When Were the UK's Hottest Years?
Aug 13 2019 Read 751 Times
The Met Office have published a report confirming that the 10 hottest years in British recorded history have all taken place in the 21st century, adding to fears that manmade climate change is the culprit. Published on the academic site International Journal of Climatology, the report showed that the top 10 warmest years all occurred in the last 17 years, despite the Met Office having collected data for over 130 years.
Other takeaways from the report include the fact that none of the 10 coldest years have occurred in the last 55 years, that summer 2018 was the joint hottest on record and that the last decade has been an average of 0.3°C hotter than the period between 1981 and 2010 and almost a whole degree (0.9°C) warmer than the years 1961 to 1990.
Top of the hots
Five years ago saw the hottest ever recorded year (2014), with 2006 and 2011 rounding out the top three. The other years making up the top ten in order are: 2007, 2017, 2003, 2018, 2004, 2002 and 2005. What’s more, the dry heat which afflicted most of Europe last year (and which was predicted over six weeks in advance by climate specialists) was found to be the joint hottest summer on record in the UK and the overall hottest in England.
Perhaps the most concerning statistic of all is the consistency of the rising temperatures. Given that the years 2009-18 were nearly a full degree warmer than the 30-year period between 1961 and 1990, it seems almost impossible to argue that the world is not experiencing an alarmingly rapid alteration in its weather patterns.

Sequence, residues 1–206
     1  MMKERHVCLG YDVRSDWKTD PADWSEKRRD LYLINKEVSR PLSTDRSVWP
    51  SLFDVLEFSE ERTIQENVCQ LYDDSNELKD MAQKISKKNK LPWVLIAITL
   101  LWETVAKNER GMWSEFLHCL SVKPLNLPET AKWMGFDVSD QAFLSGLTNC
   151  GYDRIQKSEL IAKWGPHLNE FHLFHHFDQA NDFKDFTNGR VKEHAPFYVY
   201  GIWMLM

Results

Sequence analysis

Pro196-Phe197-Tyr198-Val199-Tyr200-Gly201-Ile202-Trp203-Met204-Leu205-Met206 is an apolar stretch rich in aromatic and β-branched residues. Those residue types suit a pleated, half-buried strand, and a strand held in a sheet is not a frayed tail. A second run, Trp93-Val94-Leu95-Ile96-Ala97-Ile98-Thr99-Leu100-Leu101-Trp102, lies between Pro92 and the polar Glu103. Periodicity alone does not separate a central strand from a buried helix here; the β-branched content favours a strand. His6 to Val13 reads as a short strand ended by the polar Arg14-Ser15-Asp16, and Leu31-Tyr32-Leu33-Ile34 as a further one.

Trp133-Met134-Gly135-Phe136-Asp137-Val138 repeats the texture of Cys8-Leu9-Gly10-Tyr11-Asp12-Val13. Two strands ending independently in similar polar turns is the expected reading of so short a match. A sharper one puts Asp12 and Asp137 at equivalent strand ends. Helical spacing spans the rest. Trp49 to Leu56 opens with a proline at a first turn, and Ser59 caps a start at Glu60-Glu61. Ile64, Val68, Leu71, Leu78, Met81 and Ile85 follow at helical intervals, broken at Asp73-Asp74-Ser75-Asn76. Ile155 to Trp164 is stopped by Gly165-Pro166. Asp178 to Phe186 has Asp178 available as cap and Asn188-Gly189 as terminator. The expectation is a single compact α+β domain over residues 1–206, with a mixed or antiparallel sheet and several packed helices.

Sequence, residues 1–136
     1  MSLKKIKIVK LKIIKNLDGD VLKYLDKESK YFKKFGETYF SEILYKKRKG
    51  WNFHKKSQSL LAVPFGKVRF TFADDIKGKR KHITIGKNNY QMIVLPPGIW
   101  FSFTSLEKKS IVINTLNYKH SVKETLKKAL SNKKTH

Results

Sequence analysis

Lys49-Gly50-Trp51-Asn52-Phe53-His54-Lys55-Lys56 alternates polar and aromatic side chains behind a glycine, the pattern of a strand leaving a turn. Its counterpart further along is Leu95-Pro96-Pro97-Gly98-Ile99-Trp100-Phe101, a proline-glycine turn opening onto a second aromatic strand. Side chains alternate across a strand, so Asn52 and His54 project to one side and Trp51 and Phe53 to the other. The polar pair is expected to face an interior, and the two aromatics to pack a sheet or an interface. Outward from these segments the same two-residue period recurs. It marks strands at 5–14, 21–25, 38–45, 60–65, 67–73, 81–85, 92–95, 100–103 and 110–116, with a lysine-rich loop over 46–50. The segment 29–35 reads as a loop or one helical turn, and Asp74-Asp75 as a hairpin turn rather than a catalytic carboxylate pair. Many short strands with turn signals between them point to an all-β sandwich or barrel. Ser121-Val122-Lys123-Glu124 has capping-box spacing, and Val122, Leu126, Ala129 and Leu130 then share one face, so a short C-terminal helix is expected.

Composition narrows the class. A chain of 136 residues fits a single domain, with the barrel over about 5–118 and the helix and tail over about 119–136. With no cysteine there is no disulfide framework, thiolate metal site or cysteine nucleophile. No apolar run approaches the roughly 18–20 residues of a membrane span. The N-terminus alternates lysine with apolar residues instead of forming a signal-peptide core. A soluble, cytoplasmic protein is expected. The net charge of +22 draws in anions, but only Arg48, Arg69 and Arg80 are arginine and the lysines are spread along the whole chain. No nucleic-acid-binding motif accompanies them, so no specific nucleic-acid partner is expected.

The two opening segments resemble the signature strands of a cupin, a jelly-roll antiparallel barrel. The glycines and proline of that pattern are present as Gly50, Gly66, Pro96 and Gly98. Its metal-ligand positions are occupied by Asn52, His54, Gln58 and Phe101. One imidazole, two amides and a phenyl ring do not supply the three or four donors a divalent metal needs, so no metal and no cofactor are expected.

It never rains but it pours
The Met Office study also analysed statistics pertaining to precipitation in the UK since 1884. As proof that climate change affects other facets of weather (not just temperature), six of the 10 wettest winters have all taken place in the last 20 years. The most recent decade saw summers that were 11% wetter than the two decades preceding it and 13% wetter than the period between 1961 and 1990.
“It is interesting that a high number of the wettest years in the UK occurred recently, showing that climate change starts to show up even in highly variable aspects of weather such as rainfall,” said Professor Gabi Hegerl from the University of Edinburgh (who was not directly involved in the research). “Climate change already matters to the UK and makes a difference.”
Concerned environmentalists have pointed to the Met Office’s findings as further proof that urgent action is required to avoid further hikes in temperature, both in the UK and further afield. Thankfully, the issue is becoming more prominent on a global scale, as even nations which have traditionally eschewed addressing climate change are now putting it on the agenda.
The upcoming Conference and Exhibition on Emissions Monitoring (CEM 2019) in India is one such example of how climate change awareness has spread. Hopefully, the ongoing promotion of reports such as the Met Office one, alongside private sector investment into green technologies and government drives to encourage their uptake can help us to limit our emissions and bring runaway climate change under control, once and for all.
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